John Milton

(9 December 1608 – 8 November 1674 / London, England)

John Milton Poems

41. Sonnet To The Nightingale 1/3/2003
42. On The Lord Gen. Fairfax At The Seige Of Colchester 1/13/2003
43. Sonnet 23 1/13/2003
44. Sonnet 13 1/13/2003
45. From 'Arcades' 1/4/2003
46. Sonnet 22 1/13/2003
47. To The Nightingale 1/3/2003
48. Sonnet 11 1/13/2003
49. Sonnet 18 1/13/2003
50. Sonnet 08 1/13/2003
51. Psalm 08 1/13/2003
52. Paradise Regained: The Second Book 1/13/2003
53. Psalm 84 1/13/2003
54. To Mr. Lawrence 1/3/2003
55. Paradise Regained: The First Book 1/13/2003
56. Sonnet Xviii: On The Late Massacre In Piemont 1/1/2004
57. Sonnet 14 1/13/2003
58. To My Lord Fairfax 1/13/2003
59. Paradise Regained: The Third Book 1/13/2003
60. Sonnet 17 1/13/2003
61. Sonnet 16 1/13/2003
62. To The Lady Margaret Ley 1/3/2003
63. Sonnet 01 1/13/2003
64. Sonnet 10 1/13/2003
65. When The Assault Was Intended To The City 1/3/2003
66. Psalm 01 1/13/2003
67. On The New Forcers Of Conscience Under The Long Parliament 1/3/2003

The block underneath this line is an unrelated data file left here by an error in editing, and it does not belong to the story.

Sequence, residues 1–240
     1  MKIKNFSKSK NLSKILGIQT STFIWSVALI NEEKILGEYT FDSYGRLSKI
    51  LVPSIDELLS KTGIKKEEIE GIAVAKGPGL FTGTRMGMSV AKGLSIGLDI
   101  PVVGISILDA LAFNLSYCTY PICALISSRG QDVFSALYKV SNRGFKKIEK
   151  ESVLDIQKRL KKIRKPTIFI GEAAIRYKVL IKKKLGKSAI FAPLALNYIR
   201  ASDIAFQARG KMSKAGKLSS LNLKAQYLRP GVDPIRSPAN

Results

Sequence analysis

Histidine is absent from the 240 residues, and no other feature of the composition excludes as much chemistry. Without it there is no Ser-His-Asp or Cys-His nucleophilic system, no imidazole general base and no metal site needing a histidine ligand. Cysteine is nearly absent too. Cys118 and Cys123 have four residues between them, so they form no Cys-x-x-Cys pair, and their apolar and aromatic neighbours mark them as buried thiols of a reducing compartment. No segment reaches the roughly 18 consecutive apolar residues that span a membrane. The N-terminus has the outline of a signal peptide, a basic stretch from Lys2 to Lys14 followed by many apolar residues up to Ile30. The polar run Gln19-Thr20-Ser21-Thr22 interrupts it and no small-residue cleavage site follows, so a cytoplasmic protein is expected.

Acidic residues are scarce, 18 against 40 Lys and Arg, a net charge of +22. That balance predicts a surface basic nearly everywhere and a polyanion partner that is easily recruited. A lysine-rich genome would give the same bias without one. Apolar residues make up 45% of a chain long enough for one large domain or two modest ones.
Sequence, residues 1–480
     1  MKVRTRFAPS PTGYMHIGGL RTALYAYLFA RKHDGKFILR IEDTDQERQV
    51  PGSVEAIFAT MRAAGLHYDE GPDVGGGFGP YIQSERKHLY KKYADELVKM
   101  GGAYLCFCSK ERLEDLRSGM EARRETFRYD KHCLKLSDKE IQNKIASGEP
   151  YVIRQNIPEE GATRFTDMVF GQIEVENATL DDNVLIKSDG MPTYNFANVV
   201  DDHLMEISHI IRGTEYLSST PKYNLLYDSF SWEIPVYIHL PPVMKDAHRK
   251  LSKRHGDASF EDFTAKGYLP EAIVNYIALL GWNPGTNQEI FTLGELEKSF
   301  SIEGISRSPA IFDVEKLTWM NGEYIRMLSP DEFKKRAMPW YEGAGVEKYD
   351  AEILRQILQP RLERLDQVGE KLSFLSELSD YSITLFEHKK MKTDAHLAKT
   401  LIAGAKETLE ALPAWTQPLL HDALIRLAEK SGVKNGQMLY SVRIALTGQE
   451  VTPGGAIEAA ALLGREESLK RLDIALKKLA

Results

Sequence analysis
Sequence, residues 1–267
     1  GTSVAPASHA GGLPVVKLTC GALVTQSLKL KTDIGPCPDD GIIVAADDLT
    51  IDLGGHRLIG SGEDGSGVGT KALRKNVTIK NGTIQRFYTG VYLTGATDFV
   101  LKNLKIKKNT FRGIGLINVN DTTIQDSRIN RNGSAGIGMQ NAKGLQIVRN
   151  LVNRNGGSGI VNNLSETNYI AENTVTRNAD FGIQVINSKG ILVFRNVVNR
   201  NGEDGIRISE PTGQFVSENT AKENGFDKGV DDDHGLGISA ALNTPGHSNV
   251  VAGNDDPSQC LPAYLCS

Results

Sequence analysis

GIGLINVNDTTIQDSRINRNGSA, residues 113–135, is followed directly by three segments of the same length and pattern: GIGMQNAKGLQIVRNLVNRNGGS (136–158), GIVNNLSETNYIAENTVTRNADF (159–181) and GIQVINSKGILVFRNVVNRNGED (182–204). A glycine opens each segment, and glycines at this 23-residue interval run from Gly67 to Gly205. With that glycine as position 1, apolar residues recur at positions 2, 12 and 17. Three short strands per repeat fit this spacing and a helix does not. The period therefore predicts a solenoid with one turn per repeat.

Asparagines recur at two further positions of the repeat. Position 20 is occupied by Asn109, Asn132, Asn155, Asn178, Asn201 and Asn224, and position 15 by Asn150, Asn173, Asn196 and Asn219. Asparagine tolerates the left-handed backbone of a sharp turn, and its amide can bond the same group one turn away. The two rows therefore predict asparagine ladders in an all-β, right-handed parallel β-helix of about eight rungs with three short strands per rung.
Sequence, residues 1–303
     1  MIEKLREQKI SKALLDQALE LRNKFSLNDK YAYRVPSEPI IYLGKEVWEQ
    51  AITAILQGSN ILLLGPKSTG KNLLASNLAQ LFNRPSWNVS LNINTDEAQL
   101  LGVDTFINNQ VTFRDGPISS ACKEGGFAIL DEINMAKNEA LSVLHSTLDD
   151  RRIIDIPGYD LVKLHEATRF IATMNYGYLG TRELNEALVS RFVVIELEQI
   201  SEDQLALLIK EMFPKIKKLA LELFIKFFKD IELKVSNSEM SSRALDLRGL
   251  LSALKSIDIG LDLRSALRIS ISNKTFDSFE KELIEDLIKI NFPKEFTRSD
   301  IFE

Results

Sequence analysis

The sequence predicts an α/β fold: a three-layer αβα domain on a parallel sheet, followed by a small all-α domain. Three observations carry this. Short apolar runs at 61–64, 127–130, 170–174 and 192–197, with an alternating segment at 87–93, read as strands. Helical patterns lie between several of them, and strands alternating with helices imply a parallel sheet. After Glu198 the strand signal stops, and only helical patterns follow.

68. To A Virtuous Young Lady 1/3/2003
69. Sonnet 19 1/13/2003
70. Paradise Lost: Book 06 1/13/2003
71. Psalm 02 1/13/2003
72. Sonnet 12 1/13/2003
73. On The University Carrier 1/3/2003
74. Paradise Regained: The Fourth Book 1/13/2003
75. The Passion 1/3/2003
76. Sonnet 15 1/13/2003
77. Paradise Lost: Book 05 1/13/2003
78. Paradise Lost: Book 12 1/13/2003
79. Paradise Lost: Book 11 1/13/2003
80. An Epitaph On The Marchioness Of Winchester 1/13/2003
Best Poem of John Milton

On His Blindness

When I consider how my light is spent
Ere half my days in this dark world and wide,
And that one talent which is death to hide
Lodg'd with me useless, though my soul more bent
To serve therewith my Maker, and present
My true account, lest he returning chide,
"Doth God exact day-labour, light denied?"
I fondly ask. But Patience, to prevent
That murmur, soon replies: "God doth not need
Either man's work or his own gifts: who best
Bear his mild yoke, they serve him best. His state
Is kingly; thousands at his bidding speed
And post o'er land and ocean without ...

Read the full of On His Blindness

To The Same

Cyriack, this three years’ day these eyes, though clear,
To outward view, of blemish or of spot,
Bereft of light, their seeing have forgot;
Nor to their idle orbs doth sight appear
Of sun, or moon, or star, throughout the year,
Or man, or woman. Yet I argue not
Against Heaven’s hand or will, nor bate a jot
Of heart or hope, but still bear up and steer
Right onward. What supports me, dost thou ask?

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